Tennessee Titans head coach Mike Munchak has been fired, according to Chris Mortensen of ESPN. The team met with Munchak on Friday, and reportedly offered him a chance to stay if he agreed to overhaul the coaching staff. Munchak refused and was shown the door.
The Titans started the season 3-1 but stumbled to a 7-9 finish. They played well down the stretch despite injuries, including one to starting quarterback Jake Locker, but missed the playoffs for their third consecutive season -- which likely served as the catalyst for the firing. Tennessee will look to rebuild its offense with the hope Locker can return in 2014 and continue to play at the excellent pace he started the season.
Then again, this was the first season Locker had really shown promise. Perhaps a new coach won't want to put his trust in Locker, which will be interesting to see.
Munchak has more ties to his team than any coach in the NFL. He played for the Houston Oilers from 1982 to 1993 before joining the team's coaching staff. Over 30 years have passed since Munchak first joined the Titans organization, and his firing wouldn't have been taken lightly.
Munchak's primary task in Tennessee was revitalizing the team's offensive line, but it never reached a level required to return Chris Johnson to running back dominance or lead to successful quarterback play. Locker was drafted in 2011 to be the team's franchise quarterback, but has had durability issues and missed a total of 24 games over the last three seasons.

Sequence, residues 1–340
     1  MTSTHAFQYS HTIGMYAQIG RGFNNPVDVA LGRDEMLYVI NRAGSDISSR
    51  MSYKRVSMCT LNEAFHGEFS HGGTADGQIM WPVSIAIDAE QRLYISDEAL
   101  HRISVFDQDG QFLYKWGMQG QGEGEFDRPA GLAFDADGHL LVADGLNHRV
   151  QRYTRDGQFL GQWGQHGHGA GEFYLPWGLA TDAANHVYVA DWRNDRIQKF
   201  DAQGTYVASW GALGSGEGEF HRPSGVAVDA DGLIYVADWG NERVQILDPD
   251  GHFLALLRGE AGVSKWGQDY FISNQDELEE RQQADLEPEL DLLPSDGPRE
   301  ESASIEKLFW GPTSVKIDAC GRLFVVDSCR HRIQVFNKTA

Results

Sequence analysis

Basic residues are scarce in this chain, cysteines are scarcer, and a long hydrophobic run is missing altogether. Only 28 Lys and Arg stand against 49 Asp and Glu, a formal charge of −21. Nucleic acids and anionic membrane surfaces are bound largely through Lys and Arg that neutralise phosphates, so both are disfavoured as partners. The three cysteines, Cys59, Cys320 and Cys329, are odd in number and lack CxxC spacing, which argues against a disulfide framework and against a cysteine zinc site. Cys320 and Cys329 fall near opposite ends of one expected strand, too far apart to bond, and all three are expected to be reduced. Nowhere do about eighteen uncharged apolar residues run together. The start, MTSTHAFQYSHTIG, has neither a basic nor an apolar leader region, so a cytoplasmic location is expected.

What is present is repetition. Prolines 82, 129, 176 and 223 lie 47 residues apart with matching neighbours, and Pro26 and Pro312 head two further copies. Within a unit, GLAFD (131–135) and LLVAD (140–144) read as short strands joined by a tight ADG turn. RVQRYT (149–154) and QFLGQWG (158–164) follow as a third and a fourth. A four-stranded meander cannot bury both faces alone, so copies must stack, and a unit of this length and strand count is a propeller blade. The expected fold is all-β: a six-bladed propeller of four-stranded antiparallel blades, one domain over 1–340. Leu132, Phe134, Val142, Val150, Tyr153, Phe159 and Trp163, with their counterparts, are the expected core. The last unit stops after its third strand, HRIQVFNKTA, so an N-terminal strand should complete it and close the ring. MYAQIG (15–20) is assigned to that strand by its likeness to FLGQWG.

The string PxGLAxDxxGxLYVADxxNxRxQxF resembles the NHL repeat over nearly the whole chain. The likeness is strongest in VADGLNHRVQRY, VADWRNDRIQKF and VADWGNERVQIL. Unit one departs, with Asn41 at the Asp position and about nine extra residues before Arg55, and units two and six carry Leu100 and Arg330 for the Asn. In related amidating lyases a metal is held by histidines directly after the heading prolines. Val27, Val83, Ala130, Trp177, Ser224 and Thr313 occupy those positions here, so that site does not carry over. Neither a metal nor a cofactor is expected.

At the end of each season, Johnson always found himself with more than 1,000 yards rushing, but the Titans always seemed to lose those games in which he totally disappeared. He's the kind of runner who would pick up 20 yards in one game and 200 in the next to build his rushing totals. Strong quarterback play was ever-absent in those games in which he only managed 20, unfortunately.
Some thought that Munchak might have deserved another chance given that many of the team's issues were out of his hands. Unfortunately, Munchak was entering the final year of his contract, which is always a tricky situation for coaches who are fighting for their jobs. Extending him just to remove the "lame duck" status isn't really an option, but how are players supposed to buy into the system of a guy who might not be around in a few months?
Those factors will likely increase the pressure on the organization to make a successful hire considering how Munchak's lack of success had as much to do with injuries as poor performance. Still, one winning season out of three and no playoff appearances is usually enough to doom any head coach in the NFL these days. In the end, loyalty only extends so far.
Jeff Fisher was a hard act to follow for his former offensive assistant. It remains to be seen if Munchak will join his former boss in St. Louis, where the Rams are struggling with offensive line issues of their own. Fisher was in charge of the Titans from 1994 through 2010, but things definitely stagnated in the end. Clearly, the Titans were afraid of that happening and quickly with Munchak.